Before I thought you were overstating your case, now it seems to
me that you are constructing strawmen. The argument you present
above bears little resemblance to the argument that drew my objection.
I have no sympathy with the idea you present in the paragraph above,
and I enthusiastically join you in condemning it.
Originally, you picked out two sentences for criticism: "You
shouldn't offend people" and "People can be hurt by words". The
second sentence is demonstrably true (I have deliberately hurt far
too many people with the cruelty of my tongue to believe otherwise).
The first sentence, being a moral injunction, yields its truth-value
less easily. But neither of these statements that you originally
singled out for criticism say "shut up because you might cause
offence". To me, they say rather, "phrase your criticism in a way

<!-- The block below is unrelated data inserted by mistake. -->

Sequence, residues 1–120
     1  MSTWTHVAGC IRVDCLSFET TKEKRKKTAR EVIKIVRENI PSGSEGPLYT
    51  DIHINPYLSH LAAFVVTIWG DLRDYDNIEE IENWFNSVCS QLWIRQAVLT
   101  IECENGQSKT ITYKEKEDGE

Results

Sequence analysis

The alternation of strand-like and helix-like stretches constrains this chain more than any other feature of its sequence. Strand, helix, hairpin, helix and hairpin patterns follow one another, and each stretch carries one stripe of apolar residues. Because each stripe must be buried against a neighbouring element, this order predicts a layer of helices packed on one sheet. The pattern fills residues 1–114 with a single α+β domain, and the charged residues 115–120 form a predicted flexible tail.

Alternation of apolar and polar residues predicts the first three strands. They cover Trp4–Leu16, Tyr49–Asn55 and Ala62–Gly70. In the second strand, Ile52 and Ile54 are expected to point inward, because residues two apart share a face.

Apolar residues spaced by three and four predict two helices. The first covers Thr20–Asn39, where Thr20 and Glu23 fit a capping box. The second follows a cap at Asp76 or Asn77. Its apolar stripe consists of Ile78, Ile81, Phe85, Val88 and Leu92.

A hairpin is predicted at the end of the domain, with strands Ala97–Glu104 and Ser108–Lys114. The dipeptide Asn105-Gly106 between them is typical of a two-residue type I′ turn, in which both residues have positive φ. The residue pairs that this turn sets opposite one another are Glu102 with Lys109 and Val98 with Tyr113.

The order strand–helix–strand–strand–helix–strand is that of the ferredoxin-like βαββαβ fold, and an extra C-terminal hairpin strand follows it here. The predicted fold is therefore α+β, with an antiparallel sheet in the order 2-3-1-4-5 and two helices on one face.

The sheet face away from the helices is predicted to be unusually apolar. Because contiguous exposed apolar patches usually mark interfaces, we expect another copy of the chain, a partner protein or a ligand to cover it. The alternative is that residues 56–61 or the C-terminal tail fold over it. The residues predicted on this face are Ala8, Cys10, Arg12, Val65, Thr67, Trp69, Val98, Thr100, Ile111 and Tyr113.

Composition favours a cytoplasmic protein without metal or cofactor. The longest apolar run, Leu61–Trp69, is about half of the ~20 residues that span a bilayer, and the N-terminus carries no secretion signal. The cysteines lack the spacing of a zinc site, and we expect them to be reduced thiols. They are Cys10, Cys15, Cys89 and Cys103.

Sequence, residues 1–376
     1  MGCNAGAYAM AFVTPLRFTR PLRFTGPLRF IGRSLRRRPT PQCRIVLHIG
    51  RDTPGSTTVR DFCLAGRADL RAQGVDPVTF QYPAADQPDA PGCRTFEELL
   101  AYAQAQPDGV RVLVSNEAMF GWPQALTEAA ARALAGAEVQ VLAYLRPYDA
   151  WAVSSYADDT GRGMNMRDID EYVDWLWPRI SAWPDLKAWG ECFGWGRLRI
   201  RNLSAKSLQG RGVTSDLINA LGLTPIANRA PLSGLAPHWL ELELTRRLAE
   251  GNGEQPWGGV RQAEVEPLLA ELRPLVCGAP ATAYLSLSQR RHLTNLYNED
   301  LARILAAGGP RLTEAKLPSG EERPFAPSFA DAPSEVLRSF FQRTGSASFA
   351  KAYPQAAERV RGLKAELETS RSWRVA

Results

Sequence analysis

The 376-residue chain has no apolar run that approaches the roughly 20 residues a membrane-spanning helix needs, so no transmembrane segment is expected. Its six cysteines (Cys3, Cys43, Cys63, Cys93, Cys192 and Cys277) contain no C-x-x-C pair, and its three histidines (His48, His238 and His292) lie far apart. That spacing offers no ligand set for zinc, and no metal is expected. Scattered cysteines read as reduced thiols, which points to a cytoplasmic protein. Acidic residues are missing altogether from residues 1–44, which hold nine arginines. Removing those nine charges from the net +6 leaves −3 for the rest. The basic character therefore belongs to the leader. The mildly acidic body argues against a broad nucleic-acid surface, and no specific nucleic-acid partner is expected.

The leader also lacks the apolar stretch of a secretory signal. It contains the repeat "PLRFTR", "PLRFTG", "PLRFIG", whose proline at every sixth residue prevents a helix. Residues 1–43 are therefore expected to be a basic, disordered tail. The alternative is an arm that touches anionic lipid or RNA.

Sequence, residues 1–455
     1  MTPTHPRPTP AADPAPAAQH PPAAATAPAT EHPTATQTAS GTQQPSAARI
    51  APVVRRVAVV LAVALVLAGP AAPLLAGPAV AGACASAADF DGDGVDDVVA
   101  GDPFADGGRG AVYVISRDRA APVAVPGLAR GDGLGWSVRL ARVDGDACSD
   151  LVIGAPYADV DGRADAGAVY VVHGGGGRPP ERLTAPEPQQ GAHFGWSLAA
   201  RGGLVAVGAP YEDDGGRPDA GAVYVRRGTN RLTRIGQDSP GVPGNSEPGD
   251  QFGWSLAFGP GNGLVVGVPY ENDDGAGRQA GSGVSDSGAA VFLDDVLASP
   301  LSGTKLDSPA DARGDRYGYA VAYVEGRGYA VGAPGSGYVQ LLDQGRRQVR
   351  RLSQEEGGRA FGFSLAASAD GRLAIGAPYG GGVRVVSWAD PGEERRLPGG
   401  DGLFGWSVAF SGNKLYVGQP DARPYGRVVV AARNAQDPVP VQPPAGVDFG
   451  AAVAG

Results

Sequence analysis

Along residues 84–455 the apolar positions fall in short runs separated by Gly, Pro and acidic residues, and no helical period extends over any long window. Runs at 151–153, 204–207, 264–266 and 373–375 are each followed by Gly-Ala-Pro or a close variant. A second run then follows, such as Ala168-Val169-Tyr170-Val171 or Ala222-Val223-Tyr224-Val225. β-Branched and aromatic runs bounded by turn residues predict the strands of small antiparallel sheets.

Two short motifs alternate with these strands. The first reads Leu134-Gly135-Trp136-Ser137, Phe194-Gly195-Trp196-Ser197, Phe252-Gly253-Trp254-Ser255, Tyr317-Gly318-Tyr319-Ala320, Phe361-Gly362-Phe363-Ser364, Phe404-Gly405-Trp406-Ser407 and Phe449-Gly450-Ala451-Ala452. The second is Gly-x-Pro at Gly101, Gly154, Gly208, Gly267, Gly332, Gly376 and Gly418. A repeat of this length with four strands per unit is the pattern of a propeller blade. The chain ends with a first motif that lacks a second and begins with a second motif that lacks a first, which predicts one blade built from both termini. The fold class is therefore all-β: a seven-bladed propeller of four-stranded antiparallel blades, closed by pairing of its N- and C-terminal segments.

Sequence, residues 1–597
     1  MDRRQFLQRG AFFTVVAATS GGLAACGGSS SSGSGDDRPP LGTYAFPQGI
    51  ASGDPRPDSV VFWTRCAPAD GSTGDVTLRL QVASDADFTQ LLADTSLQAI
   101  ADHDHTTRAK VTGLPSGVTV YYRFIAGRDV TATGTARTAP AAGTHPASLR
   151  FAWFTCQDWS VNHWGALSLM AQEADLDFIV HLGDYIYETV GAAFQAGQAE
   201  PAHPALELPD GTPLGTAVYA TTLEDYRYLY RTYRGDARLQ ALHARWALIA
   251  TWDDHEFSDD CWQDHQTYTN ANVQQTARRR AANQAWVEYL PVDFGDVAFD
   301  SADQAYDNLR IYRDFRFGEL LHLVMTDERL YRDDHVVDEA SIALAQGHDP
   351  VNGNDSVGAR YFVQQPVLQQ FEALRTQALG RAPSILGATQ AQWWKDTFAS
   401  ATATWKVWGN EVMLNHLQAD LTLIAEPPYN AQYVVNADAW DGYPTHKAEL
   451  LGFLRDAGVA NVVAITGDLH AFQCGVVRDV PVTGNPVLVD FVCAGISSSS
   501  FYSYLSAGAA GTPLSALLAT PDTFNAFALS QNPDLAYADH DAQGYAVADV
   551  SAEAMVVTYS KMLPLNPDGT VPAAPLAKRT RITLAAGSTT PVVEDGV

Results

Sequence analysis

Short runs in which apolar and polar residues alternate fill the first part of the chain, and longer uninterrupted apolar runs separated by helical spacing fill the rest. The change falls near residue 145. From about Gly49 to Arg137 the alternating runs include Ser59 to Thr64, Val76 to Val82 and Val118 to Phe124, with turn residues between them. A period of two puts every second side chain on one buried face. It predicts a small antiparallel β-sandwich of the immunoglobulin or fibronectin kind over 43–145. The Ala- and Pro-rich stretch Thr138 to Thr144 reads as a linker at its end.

that shows some awareness of and sensitivity to the emotional
predispositions of your audience".
Now, this last, it seems to me, is perfectly good advice that should
be taken by any good selfish egoist, because criticisms so phrased
will be far more effective in communicating something to your
audience, and possibly even in correcting some bad beliefs or
behavior on the part of your audience. I don't see the ideas you
choose to attack as silencing devices; instead I see them as
exhortations to use effective rhetoric rather than ineffective
Again, I think I have the gist of what you are saying. Ideas very
closely related to the ones you originally chose to criticize *have*
been used to silence people (another example of using words and
ideas to hurt). But we have to be careful when we want to accuse
other people of using sneaky means to silence their opponents; we
have to make sure that our arguments are exactly right, and we have
to avoid overstating our case, or we get nowhere.
-- Eric Watt Forste ++ firstname.lastname@example.org ++ http://www.pobox.com/~arkuat/